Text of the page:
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'Oh King'
Reconsidering the Much-Maligned Father of History
© 2021 James LaFond
As a young man, trying to educate myself, I wished to follow academic standards and avoid the wonder-reading of my youth. The single most maligned of the ancient historians, who we call their father, because we are unable to name his fathers named his book “Inquires.” Herodotus declares on certain subjects, that he will not conduct an investigation of his own, as so many books have been written on them, books so common that they need not be named for the reader.
We amateur historians should remember, that Herodotus is our father—the one we know—for he was not an acredited and indoctrinated teacher and he questioned and inquired rather than taught a course of indoctrination. Like he, we should also respect the now lost records of those who inspired and taught him.
It is an addiction of modern folk of most kinds to demean the ancients, to point to their follies and claim they lied, that they made up the numbers of the enemy to boost their own status. The Romans are clearly free of this blame as they admitted to vastly outnumbering Hannibal and still being slaughtered on numerous occasions.
The blame for this “exaggeration” falls most squarely on Herodotus. Thus, after reading him once as a boy, and data-mining his unabridged Loeb editions for boxing and wrestling references in 1999, and reading an abridged edition of his work for the onset of this project in 2018, I obeyed academia and left Herodotus “the folklorist” for Thucydides. Thucydides is acclaimed by current military historians as the real father of scientific history, Herodotus a mere fabulist.
I read Thucydides twice, once annotated and unabridged and once unabridged. Then I listened to his unabridged account of the Red-face-island War three times on audio-book. That done, I listened to Herodotus twice—some books thrice—on audiobook. The accounts of the crossing of the great Persian host from Asia to Europe I listened to five times, in amazement, and the account of the final battle at Plataue thrice.
What I discovered, is that Thucydides and Herodotus used the exact same methodology, using multiple sources to chart chaotic war activity, having sources from the opposing sides—including an exiled Spartan King, Krotonian doctor and an Athenian citizen, as members of the invaders advisory board!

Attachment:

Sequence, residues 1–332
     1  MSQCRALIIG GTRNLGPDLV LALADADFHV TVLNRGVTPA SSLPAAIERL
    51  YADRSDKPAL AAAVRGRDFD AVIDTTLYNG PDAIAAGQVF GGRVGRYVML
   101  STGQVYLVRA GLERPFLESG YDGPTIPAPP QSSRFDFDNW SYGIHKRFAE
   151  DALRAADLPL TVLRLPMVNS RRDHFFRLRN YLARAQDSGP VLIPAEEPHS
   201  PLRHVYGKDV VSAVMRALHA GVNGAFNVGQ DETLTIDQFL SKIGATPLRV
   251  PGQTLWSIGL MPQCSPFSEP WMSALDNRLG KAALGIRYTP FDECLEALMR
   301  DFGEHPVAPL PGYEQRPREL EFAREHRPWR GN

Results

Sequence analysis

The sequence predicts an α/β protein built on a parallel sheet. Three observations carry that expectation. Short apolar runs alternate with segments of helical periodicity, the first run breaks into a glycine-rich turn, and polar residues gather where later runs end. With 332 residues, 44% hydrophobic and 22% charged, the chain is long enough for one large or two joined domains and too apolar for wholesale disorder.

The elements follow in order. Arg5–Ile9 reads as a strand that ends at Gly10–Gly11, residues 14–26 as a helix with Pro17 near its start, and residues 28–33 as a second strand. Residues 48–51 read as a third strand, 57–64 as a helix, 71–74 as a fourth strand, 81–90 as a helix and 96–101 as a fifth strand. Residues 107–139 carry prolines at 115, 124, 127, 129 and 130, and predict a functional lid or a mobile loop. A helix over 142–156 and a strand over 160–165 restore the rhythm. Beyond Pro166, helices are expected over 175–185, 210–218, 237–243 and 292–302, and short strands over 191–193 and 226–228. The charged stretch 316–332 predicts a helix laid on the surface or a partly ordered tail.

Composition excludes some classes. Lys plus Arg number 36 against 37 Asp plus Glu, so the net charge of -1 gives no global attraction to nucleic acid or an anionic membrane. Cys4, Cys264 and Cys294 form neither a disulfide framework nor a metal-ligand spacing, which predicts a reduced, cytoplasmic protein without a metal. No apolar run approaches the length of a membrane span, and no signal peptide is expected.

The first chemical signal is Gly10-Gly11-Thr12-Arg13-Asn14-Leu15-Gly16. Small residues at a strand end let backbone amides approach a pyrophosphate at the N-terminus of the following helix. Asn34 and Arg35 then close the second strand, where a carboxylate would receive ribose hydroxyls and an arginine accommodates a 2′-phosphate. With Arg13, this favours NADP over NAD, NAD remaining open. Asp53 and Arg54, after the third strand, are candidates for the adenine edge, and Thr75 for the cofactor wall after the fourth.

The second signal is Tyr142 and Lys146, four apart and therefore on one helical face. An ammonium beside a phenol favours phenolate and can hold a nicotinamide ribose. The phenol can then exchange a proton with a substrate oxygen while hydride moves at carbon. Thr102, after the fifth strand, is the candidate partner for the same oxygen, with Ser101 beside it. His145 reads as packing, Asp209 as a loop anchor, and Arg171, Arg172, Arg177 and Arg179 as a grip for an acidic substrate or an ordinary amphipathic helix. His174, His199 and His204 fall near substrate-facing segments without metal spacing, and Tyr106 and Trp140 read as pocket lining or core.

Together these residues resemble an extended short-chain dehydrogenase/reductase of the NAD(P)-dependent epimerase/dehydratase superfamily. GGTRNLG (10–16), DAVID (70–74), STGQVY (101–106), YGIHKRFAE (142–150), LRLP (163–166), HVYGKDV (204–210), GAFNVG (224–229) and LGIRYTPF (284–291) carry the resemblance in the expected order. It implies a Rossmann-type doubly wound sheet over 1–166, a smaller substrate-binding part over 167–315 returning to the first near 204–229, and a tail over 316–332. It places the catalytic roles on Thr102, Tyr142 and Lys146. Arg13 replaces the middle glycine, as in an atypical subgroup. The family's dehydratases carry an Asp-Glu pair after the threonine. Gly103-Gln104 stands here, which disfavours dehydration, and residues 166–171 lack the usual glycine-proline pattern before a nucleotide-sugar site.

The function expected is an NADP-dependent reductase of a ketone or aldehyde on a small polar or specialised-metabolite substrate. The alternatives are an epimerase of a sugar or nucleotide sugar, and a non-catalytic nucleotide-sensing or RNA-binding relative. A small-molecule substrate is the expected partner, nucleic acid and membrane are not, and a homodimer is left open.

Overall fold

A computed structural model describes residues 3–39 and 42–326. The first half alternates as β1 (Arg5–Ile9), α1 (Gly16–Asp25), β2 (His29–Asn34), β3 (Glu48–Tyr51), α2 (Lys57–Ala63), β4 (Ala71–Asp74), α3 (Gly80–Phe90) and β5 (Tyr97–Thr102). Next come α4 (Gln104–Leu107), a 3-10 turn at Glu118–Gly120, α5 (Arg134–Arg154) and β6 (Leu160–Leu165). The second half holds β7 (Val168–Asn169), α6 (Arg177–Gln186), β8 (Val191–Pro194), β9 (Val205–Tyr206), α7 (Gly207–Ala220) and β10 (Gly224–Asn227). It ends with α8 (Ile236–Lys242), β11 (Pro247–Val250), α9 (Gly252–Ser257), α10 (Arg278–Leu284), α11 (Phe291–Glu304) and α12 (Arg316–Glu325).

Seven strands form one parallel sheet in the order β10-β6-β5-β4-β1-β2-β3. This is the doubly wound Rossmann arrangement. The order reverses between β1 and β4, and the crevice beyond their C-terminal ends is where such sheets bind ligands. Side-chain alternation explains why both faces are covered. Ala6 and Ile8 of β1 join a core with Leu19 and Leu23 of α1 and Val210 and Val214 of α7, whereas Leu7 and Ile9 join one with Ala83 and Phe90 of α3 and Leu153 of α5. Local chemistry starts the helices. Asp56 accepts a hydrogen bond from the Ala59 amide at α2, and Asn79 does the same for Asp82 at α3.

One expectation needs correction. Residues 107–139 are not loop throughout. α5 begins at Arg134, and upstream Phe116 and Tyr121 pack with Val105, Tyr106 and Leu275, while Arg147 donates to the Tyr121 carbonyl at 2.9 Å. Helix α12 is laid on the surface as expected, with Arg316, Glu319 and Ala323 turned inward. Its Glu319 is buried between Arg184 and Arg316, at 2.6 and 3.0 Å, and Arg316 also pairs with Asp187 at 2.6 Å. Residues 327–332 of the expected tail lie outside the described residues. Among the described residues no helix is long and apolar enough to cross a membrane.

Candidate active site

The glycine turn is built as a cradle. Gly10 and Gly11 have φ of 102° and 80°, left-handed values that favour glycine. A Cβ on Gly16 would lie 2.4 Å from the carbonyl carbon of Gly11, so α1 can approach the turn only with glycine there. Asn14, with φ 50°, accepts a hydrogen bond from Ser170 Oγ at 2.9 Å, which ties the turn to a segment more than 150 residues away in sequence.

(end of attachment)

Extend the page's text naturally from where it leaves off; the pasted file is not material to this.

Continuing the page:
The numbers of the Greek combatants are scrupulously confirmed, by this history written by a man who was talking to survivors of the war from both sides. When historians declare that proof that Herodotus was biased and inflated the numbers of the Persian invaders, was his claim that the Persian army was so vast that it drank rivers dry, we see a modern distortion.
Actually, what Herodotus mentions on at least three occasions, all in the same region of northeast Greece, was that with certain rivers 'The Waters Failed to Sustain the Host.' That is different from drinking a river dry. In this period of the campaign, numerous earthquakes, numerous storms that wiped out fleets and even drowned an army, and also the flooding of a wetland that drowned a besieging army with an unusual tide, are all related. I have been in the Rocky Mountains and seen rivers and lakes drunk dry by man and beast because they also suffered from a lack of resupply in the from of rain.
Some profound natural calamities, like those related by Thucydides a few decades later and those inscribed by the slaves of the Hittite King and the Egyptian Pharaoh around 1190 B.C., a time of multiple warlike migrations, were occurring in the specific area where the rivers failed to meet all of the army's needs. This was just across the narrow seas from the area where Achilles famously battled a river.
Might that have been a symbolic account of rivers effecting man's efforts at making war?
The numbers of the Greek host at the final battle were agreed upon by the participants, as were those of the enemy, both sides citing the accuracy of these armies that were unprecidented in size—and in disorganization and ineffectiveness. Herodotus notes that the Greeks could have marshaled many more than the over 100,000 strong force [which modern historians claim was too large to sustain in the field]. Indeed, tens of thousands of the Persian host were Greeks, like the Thebans and Macedonians.
The coursework on why Xerxes could not have marched between a quarter million and 2 million men into Europe, involves bringing supply by beast of burden, and that the beasts themselves eat so much that this is grossly inneficient. Such an army would melt, the historians tell us.
Well, according to Herodotus it did melt!